Over the weekend, the GNU project celebrated 30 years of fighting for user freedoms and attempting to exterminate proprietary software from the face of the planet.

In a column published in Wired, the project’s founder, Richard Stallman, made the argument that free software is nowadays more important than ever.

The thrust of Stallman’s piece was that users must remain in control of their computing, programs, and data — and therefore, by that definition, the usage of cloud services removed the users’ control.

As the world increasingly moves to as-a-service computing, it’s a timely reminder of the compromises made by users, in Stallman’s eyes, whenever they use the cloud.

“Both non-free software and SaaSS can spy on the user, shackle the user, and even attack the user,” wrote Stallman.

SaaSS is Stallman’s word for SaaS, which stands for “service as a software substitute”, and continues a trend of childish word substitution that I feel often distracts from his otherwise sage words of advice.

But leaving that to one side, Stallman’s point is more pertinent with the revelations that have become public knowledge after the ongoing saga of the Snowden leaks.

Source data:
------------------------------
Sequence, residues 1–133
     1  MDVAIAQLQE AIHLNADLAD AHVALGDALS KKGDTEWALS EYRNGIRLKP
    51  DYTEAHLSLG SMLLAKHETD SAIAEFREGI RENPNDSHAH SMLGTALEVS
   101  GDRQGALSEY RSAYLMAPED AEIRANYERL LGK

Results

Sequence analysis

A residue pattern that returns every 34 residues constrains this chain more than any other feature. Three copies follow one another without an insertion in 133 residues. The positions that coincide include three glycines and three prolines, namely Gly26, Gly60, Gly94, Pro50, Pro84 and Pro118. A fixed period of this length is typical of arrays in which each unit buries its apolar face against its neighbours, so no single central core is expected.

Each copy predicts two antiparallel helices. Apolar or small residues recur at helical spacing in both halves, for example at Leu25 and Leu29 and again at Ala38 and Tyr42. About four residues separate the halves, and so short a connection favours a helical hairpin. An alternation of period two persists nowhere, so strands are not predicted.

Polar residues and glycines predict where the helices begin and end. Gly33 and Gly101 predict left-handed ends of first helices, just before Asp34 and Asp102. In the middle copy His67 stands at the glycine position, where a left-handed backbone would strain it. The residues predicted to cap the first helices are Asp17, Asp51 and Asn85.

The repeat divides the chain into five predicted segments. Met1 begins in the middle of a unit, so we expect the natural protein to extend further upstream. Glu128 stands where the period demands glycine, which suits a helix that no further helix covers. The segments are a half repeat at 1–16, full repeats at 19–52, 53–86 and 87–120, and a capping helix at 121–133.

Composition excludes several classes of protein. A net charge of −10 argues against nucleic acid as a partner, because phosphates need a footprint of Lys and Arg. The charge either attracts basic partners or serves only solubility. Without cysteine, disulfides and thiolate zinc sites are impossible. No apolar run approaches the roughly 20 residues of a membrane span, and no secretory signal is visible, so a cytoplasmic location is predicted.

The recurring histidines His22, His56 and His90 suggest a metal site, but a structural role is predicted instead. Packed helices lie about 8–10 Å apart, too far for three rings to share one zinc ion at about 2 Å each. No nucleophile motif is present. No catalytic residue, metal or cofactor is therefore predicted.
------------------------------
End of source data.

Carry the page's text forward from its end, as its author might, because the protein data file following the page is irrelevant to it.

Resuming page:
“If you use SaaSS, the server operator controls your computing. It requires entrusting all the pertinent data to the server operator, which will be forced to show it to the state as well — who does that server really serve, after all?” Stallman wrote.

And in line with many of Cassandra-like denunciations of the past, it seems that few will heed the warnings on cloud computing until something drastic occurs.

With Stallman’s ongoing 30-year task to move the world over to free software being a herculean one, the call to prevent the uptake of SaaS and cloud technologies seems like an even larger task.

While few many agree totally with his viewpoints, and with the techniques that he uses to express his thoughts, there is often an underlying current of logic to Stallman’s thoughts that deserves further consideration.